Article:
MONDAY, Nov. 7 (HealthDay News) -- Neuromuscular warm-ups may reduce knee injuries among female high school athletes, a new study indicates.
In neuromuscular warm-up, an athlete begins with easy cardiovascular exercise and progresses to focusing on muscles and motions used in the sport.
The study included 90 coaches and almost 1,500 female basketball and soccer players from public schools in Chicago. Half the coaches were trained in 20-minute neuromuscular warm-up and used that method with their teams (intervention group) before practices and games, while the other coaches and their teams used current standard warm-up methods (control group).
The athletes were followed through the 2006-07 season. There were 50 lower extremity injuries among the 737 athletes in the intervention group and 96 lower extremity injuries among the 755 athletes in the control group.
Two lower extremity injuries were suffered by two athletes in the intervention group and 13 athletes in the control group.
All non-contact lower extremity injuries that required surgery occurred in the control group.
The study was published in the November issue of the Archives of Pediatrics & Adolescent Medicine.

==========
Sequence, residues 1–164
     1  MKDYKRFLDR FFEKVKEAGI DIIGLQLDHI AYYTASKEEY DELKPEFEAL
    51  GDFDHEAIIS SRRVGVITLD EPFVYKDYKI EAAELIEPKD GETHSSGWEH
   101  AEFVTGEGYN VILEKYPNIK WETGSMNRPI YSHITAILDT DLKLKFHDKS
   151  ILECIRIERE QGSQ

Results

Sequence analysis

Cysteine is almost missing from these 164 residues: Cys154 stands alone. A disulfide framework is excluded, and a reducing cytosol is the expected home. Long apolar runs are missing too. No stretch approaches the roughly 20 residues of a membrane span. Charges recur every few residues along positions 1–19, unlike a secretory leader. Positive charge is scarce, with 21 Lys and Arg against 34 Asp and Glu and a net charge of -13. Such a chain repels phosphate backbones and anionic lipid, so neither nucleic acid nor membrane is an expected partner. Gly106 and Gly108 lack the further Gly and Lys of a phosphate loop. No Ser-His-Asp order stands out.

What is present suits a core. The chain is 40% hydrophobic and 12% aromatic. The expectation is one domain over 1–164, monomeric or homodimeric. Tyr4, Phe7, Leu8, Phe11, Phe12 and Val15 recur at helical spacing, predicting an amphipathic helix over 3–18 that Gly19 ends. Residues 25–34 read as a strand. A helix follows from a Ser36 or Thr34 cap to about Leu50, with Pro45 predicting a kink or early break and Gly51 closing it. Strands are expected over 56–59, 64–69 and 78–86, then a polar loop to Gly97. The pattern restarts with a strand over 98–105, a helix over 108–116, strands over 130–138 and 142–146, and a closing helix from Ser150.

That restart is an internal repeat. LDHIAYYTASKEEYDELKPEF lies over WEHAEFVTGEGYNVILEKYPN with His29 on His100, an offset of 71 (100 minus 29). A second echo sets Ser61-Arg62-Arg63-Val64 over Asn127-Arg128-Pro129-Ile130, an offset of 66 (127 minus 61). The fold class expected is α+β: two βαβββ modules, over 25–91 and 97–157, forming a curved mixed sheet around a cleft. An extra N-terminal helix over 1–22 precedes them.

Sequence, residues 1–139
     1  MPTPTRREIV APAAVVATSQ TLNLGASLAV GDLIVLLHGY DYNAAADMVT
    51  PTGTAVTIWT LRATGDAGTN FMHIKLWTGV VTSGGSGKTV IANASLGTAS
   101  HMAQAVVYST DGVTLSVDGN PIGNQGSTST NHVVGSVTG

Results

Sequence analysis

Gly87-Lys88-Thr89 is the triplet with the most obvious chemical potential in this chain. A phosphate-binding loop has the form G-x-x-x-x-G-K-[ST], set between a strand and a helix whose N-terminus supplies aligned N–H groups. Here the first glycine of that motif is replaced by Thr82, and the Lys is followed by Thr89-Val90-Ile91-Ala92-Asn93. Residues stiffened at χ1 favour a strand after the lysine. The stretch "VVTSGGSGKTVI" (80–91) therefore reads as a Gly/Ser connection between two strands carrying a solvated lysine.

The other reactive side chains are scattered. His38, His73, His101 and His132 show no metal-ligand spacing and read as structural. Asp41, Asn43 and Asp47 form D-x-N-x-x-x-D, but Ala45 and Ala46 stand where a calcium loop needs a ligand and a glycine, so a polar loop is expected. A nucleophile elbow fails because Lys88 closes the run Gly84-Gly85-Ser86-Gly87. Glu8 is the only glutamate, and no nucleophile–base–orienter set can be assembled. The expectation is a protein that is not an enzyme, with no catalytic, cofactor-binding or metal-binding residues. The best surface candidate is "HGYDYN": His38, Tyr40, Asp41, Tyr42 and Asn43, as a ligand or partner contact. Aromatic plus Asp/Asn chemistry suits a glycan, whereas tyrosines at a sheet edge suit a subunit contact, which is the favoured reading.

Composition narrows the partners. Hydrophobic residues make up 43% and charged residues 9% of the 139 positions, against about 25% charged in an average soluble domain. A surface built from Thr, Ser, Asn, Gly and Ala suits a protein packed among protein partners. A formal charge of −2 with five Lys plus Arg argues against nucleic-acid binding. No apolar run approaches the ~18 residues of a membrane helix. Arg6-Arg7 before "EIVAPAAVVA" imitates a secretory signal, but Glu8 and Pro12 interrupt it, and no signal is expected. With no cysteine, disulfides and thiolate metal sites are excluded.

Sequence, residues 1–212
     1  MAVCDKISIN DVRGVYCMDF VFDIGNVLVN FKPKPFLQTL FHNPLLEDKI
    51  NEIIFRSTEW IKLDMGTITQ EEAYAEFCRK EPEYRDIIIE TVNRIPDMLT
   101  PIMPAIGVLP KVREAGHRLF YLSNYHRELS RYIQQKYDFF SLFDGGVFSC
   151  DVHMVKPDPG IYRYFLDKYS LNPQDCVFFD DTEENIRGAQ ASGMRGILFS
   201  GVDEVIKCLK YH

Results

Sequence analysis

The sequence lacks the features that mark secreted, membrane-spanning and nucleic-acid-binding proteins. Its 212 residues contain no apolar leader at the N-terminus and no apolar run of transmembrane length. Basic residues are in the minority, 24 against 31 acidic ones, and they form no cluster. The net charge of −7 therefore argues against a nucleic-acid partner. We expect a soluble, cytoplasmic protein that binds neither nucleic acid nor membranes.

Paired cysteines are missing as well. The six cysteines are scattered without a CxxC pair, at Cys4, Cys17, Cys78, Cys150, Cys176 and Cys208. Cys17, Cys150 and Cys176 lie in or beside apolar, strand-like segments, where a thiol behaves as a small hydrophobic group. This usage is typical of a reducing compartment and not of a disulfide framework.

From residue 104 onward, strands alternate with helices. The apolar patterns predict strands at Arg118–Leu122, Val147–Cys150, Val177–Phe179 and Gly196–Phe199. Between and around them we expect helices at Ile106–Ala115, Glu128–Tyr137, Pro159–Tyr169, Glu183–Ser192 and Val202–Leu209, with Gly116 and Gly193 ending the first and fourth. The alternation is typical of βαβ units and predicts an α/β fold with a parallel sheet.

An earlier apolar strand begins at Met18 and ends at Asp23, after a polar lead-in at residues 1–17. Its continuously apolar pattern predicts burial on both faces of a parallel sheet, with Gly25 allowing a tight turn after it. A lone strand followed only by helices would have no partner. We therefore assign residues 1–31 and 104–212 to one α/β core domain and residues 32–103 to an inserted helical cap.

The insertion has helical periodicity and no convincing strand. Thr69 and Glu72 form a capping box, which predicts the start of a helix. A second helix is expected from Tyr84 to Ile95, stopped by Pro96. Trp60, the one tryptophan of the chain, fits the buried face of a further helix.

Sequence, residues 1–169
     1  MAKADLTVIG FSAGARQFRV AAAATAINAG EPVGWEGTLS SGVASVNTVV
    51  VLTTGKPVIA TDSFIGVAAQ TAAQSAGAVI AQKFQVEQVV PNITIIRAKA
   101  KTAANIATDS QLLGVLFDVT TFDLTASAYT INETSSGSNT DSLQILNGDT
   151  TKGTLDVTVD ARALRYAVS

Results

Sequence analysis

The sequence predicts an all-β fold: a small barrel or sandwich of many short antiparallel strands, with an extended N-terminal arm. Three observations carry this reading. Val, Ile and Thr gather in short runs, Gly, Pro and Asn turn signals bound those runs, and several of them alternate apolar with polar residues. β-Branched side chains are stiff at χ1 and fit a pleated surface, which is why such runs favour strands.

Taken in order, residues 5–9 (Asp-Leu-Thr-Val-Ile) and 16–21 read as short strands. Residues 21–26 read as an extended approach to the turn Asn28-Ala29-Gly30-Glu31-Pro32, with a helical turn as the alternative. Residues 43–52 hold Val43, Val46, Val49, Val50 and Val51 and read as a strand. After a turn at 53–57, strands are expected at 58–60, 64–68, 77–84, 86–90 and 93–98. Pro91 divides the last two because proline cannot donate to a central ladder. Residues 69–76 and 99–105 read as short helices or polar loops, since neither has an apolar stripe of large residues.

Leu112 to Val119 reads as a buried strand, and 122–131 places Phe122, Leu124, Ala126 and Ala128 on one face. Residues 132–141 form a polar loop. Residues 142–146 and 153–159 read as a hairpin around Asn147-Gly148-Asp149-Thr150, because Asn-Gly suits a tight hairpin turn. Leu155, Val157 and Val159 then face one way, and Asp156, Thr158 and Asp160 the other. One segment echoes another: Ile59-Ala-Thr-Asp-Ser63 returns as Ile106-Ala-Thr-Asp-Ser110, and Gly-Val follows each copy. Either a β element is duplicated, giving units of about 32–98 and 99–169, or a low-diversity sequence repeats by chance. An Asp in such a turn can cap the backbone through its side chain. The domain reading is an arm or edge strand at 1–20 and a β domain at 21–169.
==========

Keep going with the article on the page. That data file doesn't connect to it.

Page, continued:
"These findings suggest that neuromuscular training should be routine in girls' high school soccer and basketball," Dr. Cynthia R. LaBella, of the Feinberg School of Medicine at Northwestern University in Chicago, and colleagues said in a journal news release.
They noted that injury rates in girls' high school sports are highest in soccer (2.36 per 1,000 athletes) and basketball (2.01 per 1,000).
"Knee injuries are the most common cause of permanent disability in female high school basketball players, accounting for up to 91 percent of season-ending injuries and 94 percent of injuries requiring surgery," the study authors wrote.
Damage to the ACL (anterior cruciate ligament) of the knee, which is far more common among females than males, is a major concern, said Dr. Victor Khabie, co-chief of the Orthopedics and Spine Institute at Northern Westchester Hospital in Mount Kisco, N.Y. Females may be more susceptible because of the way they land after a jump, he said.
"Females tend to land with their knees more hyper-extended and somewhat knock-kneed, which theoretically places a great deal of tension on the ACL, leading to tears," he said.
Khabie said he suspects that the neuromuscular warm-up "trains" female athletes how to jump and land with "better biomechanics," thus reducing the risk of an ACL tear.
"More widespread use of this warm-up protocol should be considered by coaches and trainers working with female athletes to help prevent serious knee injuries," Khabie said.
The American Academy of Orthopaedic Surgeons has more about young athletes.
-- Robert Preidt
SOURCES: Victor Khabie, M.D., co-chief, Orthopedics and Spine Institute, Northern Westchester Hospital, Mount Kisco, N.Y.; JAMA/Archives journals, news release, Nov. 7, 2011
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